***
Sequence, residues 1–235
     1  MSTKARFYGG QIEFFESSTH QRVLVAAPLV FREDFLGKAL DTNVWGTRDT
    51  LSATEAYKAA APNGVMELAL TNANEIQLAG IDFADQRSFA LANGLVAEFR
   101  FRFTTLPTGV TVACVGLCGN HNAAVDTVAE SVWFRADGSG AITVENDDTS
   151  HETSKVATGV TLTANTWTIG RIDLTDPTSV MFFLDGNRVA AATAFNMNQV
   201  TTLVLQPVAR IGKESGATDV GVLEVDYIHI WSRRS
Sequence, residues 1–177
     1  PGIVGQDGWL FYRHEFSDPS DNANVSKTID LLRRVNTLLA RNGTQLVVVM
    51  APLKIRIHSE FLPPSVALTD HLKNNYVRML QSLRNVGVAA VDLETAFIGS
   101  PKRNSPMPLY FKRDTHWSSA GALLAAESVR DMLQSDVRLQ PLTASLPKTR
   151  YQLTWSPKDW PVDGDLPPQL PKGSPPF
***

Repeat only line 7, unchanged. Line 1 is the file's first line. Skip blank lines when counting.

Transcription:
Sequence, residues 1–177